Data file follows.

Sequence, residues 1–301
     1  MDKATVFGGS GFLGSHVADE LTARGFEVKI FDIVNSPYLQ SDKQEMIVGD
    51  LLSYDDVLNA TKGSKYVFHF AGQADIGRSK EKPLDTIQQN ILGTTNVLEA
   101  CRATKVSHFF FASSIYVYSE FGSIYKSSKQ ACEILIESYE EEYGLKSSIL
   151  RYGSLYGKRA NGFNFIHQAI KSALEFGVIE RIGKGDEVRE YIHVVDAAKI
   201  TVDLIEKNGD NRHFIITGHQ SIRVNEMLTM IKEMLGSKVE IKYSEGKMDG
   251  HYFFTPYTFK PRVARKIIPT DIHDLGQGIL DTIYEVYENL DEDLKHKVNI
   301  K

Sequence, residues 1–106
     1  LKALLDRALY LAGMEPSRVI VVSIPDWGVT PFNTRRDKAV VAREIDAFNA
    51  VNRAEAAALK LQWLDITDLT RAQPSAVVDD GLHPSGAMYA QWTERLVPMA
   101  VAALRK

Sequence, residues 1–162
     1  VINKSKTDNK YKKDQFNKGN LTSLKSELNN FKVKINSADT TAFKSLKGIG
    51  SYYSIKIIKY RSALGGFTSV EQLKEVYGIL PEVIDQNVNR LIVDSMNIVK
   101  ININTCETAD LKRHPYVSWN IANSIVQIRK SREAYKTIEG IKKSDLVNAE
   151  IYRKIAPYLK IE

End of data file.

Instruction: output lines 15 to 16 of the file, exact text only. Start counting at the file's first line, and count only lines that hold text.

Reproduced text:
    51  SYYSIKIIKY RSALGGFTSV EQLKEVYGIL PEVIDQNVNR LIVDSMNIVK
   101  ININTCETAD LKRHPYVSWN IANSIVQIRK SREAYKTIEG IKKSDLVNAE